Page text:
The influence of presumed influence hypothesis (IPI) is a communication theory accounting for the process of persuasive media effects. The present study integrates theoretical perspectives in persuasion and new and traditional media effects research to investigate the assumptions and explanatory mechanisms of IPI in an experiment. View numbers in social media directly predicted presumed exposure by others and indirectly predicted presumed influence on others, consistent with IPI and inconsistent with the bandwagon heuristic. Presumed exposure predicted presumed influence, consistent with IPI. Other predictors of presumed exposure and presumed influence were also found. Self's evaluation of the message (realism) and engagement in the message (identification) predicted presumed exposure by others and presumed influence on others, supporting the expectation that a motivational mechanism of IPI is self-centric social perception. Social media message view numbers did not predict persuasive outcomes directly, but the evaluation of and engagement in the message did. Finally, the data were inconsistent with the assumption of pervasive mass media reach. This study provides theoretical implications for examining persuasive effects of social media messages, while enhancing and expanding IPI. Limitations of the study and directions for future research are discussed.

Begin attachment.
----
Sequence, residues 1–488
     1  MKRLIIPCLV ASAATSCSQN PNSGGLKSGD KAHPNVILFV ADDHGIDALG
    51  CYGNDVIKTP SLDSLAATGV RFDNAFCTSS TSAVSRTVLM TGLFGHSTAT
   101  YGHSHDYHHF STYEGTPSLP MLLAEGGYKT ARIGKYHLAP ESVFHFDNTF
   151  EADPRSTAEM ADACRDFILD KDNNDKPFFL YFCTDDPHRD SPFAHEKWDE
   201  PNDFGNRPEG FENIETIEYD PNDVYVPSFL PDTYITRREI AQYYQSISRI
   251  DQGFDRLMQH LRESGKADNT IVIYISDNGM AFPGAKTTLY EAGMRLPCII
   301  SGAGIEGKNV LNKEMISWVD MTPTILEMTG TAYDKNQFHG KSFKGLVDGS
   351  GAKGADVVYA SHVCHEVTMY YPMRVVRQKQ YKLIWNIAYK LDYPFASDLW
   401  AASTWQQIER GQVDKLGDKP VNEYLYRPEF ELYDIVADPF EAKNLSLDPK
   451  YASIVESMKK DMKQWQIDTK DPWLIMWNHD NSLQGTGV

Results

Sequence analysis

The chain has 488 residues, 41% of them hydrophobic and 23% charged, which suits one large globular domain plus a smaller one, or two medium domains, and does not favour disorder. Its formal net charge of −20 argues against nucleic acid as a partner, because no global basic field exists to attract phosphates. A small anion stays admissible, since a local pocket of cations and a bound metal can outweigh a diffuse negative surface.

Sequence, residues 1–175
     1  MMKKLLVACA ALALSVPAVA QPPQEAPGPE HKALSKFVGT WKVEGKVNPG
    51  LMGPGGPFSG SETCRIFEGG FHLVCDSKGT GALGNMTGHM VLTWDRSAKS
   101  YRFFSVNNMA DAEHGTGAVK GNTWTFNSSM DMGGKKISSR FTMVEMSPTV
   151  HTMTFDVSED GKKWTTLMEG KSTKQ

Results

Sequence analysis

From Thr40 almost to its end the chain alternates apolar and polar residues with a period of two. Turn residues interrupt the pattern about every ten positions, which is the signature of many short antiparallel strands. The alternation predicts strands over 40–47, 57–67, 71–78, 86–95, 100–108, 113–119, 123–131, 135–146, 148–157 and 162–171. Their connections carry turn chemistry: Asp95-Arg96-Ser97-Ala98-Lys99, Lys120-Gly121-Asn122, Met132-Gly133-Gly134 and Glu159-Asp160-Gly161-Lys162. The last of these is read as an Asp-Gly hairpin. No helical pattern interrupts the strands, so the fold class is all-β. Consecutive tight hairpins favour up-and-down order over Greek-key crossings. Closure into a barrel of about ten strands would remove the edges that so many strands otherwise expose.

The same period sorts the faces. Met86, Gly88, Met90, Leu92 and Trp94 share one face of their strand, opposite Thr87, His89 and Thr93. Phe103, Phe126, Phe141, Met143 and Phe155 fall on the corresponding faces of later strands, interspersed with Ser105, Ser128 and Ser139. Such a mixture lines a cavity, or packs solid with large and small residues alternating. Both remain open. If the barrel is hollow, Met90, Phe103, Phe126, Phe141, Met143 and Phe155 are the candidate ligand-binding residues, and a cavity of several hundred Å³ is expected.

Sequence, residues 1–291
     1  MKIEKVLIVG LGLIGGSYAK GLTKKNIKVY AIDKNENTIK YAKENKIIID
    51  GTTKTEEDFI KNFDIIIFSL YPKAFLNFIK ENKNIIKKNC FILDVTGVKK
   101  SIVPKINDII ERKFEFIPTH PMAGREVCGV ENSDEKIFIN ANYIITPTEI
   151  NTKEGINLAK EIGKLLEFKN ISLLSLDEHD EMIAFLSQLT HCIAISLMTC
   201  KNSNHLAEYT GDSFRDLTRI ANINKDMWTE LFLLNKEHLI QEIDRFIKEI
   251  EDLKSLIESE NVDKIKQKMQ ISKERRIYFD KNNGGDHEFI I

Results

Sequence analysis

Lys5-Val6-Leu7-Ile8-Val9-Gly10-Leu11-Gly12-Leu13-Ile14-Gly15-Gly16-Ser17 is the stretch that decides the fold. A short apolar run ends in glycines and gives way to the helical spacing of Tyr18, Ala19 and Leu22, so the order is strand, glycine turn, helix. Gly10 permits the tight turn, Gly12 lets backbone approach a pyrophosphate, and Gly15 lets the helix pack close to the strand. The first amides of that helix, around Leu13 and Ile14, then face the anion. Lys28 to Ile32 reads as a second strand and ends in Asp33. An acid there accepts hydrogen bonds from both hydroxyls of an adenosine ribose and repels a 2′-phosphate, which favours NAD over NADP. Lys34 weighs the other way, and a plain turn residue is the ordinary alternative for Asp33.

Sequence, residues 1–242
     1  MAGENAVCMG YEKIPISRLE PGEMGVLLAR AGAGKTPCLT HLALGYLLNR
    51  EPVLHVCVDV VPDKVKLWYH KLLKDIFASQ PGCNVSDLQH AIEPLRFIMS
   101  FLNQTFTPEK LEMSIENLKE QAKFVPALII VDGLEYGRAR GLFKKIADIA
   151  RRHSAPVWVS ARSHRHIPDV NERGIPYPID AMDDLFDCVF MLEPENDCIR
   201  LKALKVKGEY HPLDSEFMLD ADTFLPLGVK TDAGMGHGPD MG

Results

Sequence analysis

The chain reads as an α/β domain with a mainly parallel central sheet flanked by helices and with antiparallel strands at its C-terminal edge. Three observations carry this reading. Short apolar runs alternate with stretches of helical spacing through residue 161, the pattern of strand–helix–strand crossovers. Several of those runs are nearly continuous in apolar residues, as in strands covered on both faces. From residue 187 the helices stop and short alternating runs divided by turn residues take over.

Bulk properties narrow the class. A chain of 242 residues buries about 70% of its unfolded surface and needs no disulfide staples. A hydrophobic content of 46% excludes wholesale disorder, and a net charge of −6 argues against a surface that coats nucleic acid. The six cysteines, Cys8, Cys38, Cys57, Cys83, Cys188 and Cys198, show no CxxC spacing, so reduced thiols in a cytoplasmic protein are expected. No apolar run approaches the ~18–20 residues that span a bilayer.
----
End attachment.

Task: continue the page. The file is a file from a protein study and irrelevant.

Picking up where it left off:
Keywords: mass media; presumed exposure; presumed influence; social media.